- 1 Members
- 2 Overview
- 3 Objectives
- 4 Challenges
- 5 Gantt Chart
- 6 Budget
- 7 Draft of App Layout
- 8 Design and Solutions
- 9 Results
- 10 References
- Maggie Archer,
- Anna Cossio,
- Amelia Delzell,
- Andrew O'Sullivan (TA)
As a WashU student living on the South 40, there is no more convenient one-stop shopping location than Paws & Go. This small grocery is a time-saver during slow hours, a money-saver in comparison to most campus dining, and carries countless options for those with dietary restrictions. Unfortunately, a frequent problem for many shoppers is the inconsistency of Paws & Go's inventory.
Many students desire a speedy shopping experience, hope to save meal points by purchasing ingredients to cook their own food, or depend on gluten-free and Kosher products on a daily basis. However, on account of Paws & Go routinely running out of even their most popular products for days or even weeks at a time, the needs of WashU students are not able to be satisfied.
We aim to eliminate these inefficient practices with our project by creating an iPhone app that allows the user to edit both a personal and public shopping list.
Personal: Each individual user has the option to utilize a barcode scanner that will scan a product and add it to their grocery list. They can add and delete items to their list, as well as save a particular product to a “Favorites” list so that it is easily accessible during their next shopping trip. One of the app’s functions will display all of the barcodes that were scanned during a particular trip, which can then be scanned quickly and efficiently at the check-out. The user will also have access to an estimated total price for their basket.
Public: As the user scans their item to their shopping list, it will be added to a full catalog of products that have been scanned on that particular day. Therefore, other customers can check the list to determine if the product they desire to purchase is available.
- Obtain Paws & Go's database OR manually create a database of UPC numbers for Paws & Go Market
- Create an intuitive mobile application in iOS using Xcode that allows a user to scan items as they pick them up at Paws & Go and generates a single-view page of barcodes for the items the user will purchase
- Program a barcode scanner that can identify a grocery item based off of the UPC number, and add it to the list
- In addition to the app's scanning capabilities, create a program that allows the user to manually input their grocery item. It will do this by identifying key words or the first few letters of items typed
- Apply an algorithm that adds the individual costs of each item on the user's list and displays the list's total cost when prompted
- Produce a list of grab-and-go items that have been purchased that day, based on purchased items that users scan into the app
- Demo our project by scanning a random order of supplied items into the app so that it can add the items and their barcodes to the checkout list, provide a total cost of the user's list, and update the available grab-and-go items bought that day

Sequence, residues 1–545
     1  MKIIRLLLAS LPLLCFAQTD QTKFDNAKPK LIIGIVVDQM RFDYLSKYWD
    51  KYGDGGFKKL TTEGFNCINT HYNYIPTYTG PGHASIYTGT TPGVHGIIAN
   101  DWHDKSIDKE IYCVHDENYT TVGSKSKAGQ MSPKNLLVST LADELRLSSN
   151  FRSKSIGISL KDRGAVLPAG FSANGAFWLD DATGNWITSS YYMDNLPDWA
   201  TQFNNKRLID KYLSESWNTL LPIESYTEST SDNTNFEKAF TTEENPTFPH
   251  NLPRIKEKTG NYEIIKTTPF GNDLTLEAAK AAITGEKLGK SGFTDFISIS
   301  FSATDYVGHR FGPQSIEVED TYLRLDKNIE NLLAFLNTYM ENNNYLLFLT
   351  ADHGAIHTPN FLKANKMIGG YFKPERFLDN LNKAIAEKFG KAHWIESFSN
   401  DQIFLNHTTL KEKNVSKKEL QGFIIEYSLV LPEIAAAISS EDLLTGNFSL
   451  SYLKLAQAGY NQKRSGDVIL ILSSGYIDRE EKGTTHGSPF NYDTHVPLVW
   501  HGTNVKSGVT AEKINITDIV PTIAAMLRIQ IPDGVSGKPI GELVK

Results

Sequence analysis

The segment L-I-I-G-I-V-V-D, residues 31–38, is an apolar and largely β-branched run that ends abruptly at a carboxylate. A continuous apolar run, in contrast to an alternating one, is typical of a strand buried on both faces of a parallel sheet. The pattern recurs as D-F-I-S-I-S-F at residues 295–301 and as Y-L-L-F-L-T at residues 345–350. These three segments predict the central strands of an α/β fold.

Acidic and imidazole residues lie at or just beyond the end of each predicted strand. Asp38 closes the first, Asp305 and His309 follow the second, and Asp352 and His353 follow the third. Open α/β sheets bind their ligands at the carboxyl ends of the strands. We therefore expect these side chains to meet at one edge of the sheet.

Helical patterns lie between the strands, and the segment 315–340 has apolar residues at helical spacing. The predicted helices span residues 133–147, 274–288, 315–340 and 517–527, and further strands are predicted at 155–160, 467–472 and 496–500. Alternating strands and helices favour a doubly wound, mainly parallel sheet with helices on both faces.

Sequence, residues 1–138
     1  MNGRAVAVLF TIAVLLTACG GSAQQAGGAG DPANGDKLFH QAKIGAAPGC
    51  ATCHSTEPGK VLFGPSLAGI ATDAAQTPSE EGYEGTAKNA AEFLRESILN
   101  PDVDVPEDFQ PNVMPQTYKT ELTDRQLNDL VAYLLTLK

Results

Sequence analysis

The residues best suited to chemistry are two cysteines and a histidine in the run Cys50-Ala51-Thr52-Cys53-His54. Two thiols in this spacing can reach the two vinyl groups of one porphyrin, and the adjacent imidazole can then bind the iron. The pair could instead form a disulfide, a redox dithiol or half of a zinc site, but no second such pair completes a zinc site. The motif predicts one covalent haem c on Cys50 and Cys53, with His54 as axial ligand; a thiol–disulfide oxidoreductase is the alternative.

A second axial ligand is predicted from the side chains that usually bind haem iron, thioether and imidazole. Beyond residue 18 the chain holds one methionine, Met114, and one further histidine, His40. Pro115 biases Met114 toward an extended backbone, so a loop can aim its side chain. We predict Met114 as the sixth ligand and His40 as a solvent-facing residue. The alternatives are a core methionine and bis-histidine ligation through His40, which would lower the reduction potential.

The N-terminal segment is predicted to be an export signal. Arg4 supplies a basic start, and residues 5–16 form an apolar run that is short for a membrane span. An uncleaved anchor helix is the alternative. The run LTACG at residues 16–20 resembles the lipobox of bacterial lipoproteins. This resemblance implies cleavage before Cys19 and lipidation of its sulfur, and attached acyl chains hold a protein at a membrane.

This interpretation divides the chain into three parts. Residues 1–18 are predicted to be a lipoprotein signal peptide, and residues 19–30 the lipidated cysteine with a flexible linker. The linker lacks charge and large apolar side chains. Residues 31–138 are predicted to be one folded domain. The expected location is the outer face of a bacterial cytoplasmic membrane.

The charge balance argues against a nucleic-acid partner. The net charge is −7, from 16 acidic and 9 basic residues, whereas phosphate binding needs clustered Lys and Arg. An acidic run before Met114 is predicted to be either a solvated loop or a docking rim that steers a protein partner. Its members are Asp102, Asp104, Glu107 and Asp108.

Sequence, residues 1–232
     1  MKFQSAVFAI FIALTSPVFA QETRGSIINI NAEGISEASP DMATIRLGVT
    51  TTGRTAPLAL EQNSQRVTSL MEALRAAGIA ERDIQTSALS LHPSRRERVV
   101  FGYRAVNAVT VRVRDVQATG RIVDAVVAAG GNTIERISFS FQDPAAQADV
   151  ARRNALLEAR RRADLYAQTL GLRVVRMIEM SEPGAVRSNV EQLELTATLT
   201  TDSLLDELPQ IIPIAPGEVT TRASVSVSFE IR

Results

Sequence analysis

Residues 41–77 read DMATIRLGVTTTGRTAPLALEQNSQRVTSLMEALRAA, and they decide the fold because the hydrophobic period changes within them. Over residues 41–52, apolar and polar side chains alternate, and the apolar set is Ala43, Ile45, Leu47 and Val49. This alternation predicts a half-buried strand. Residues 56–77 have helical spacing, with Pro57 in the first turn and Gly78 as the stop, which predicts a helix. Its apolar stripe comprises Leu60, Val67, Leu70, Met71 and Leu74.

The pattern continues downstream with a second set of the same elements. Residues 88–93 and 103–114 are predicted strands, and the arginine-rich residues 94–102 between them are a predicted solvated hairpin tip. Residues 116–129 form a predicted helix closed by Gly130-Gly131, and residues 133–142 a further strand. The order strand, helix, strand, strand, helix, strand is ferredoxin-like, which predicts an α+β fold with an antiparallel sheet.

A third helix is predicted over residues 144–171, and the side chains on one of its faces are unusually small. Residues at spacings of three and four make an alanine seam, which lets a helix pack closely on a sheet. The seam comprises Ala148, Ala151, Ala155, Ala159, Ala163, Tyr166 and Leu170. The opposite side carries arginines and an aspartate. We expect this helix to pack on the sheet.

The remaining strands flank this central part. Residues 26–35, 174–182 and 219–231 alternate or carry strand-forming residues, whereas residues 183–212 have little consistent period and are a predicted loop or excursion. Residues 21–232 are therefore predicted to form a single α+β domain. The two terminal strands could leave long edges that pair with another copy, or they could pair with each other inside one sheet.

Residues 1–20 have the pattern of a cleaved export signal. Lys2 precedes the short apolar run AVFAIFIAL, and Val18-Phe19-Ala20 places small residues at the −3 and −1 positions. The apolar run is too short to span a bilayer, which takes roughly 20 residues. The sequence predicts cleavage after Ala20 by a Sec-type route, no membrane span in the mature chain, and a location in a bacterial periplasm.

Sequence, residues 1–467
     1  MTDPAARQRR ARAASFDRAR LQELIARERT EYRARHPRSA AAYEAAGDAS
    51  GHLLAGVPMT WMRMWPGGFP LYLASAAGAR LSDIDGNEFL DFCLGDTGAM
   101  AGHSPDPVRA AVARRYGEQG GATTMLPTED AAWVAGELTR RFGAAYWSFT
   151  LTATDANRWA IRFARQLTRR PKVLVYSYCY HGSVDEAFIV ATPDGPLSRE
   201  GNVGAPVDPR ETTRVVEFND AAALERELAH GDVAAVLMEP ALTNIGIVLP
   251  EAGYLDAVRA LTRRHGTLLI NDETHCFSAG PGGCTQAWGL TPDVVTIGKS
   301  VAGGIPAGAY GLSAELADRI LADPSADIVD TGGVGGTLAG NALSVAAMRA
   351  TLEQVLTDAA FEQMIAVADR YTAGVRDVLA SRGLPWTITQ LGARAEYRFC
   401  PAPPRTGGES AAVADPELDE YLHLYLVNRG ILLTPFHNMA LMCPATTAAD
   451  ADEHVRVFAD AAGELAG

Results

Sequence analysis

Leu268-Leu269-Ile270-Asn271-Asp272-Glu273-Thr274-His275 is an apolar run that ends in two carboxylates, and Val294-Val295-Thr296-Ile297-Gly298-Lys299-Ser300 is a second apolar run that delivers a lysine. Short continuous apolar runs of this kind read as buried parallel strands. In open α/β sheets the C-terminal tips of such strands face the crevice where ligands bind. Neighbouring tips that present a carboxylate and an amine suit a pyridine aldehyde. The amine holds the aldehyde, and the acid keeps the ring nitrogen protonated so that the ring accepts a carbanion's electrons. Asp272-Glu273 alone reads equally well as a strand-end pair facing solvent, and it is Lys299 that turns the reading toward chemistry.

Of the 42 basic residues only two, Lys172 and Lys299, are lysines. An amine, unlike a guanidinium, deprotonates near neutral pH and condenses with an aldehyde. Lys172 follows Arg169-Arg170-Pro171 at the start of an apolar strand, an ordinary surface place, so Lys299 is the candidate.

- Create a user interface for the app that displays the grocery list itemized by barcode and has an "add" menu that allows the user to add an item by navigating to a screen displaying a search bar for manual keyword search or to a camera which will scan barcodes
- The app will also have a "today's grab-and-go items" screen that will display those items
- Learn how to create a mobile app for an iPhone
- Learn how to code in Swift using the Xcode app developer
- Learn how to code a barcode scanner into the mobile iOS app in Swift
- Learn how to generate a barcode from a string in Swift
- Find data for and create a database that efficiently stores product locations and UPC's
- Learn how to set up a secure, public IP address so that users can update the list of items available
- Learn how to navigate and use Amazon RDS for storing database of product data
- Create a self-explanatory and easy-to-use application interface
- Create a program that recognizes keywords so that it is not necessary for the user to input the exact product
- Device with iOS (previously owned) - $0.00
- Xcode 8.2.1 - $0.00 https://itunes.apple.com/us/app/xcode/id497799835?ls=1&mt=12
- Paws & Go Gluten Free Peanut Butter & Jelly - $3.25
- Paws & Go Hummus & Pretzels - $2.60
- Paws & Go House-made Potato Chips - $2.25
- Prairie Farms 2% Reduced Fat Milk - $1.89
- Lays Oven Baked Barbecue Chips - $4.29
- Amazon RDS through Amazon Free Tier - $0.00 https://aws.amazon.com/free/
- Bluehost Web Hosting $2.98 for 1 month
- Apple Developer Program- One Year Membership - $99 https://developer.apple.com/support/purchase-activation/
Total Budget: $116.26
Draft of App Layout
Our team sat down and took time to design what we believed to be the ideal layout for our app. In order to make this decision, we took into account each of our objectives as well as what we thought the most important functions would be for the convenience of our future users. After individually brainstorming, drafting, and editing sketches of our application, we shared each of our layouts with the other members of our group. The following images contain the final draft of each page, which combine our ideas in the way we believe will be most successful in our real-life implementation:
Design and Solutions
The app was designed to crowdsource data from customers at Paws & Go so that they can:
- List items and their barcodes for the total cost of shopping
- Scan barcodes to add to cart and update the stock
- View and be alerted by the amount of items left in stock at Paws & Go
- Manually search for items in Paws & Go
- The UI for Grocery Guru was created in Xcode, Apple's Developer program, in the Swift language
- Multiple View Controllers were created, which houses the code for each new page of the app
- Xcode has a built in Utilities tool to provide easy implementation of a user-friendly interface
- This includes buttons for the camera (scanning), tapping an item, adjusting the slider, text fields for inputting the names of items
- A foundation was used for the barcode scanner and then was implemented into our code
- JSON was used to access the php files in order to store the information from the database
Server and Database
- Used Bluehost to set up a web domain (thepawsngo.com), SQL database, and database user
- Within Bluehost, used phpMyAdmin to create a table with columns "UPC", "Name", "Price", and "Stock" and inserted rows of data for all of the items in Paws & Go
- Created php files on the Bluehost file manager to run SQL queries:
- service.php: establishes a connection with the SQL database and used the SELECT query to get the rows from the database and display as an array on the webpage, thepawsngo.com/service.php. This allowed us to access the database in Xcode.
- combine.php: establishes a connection with the database and uses the UPDATE query for customers to have the ability to update the amount of items left in stock. This occurs by sending a POST request to the database.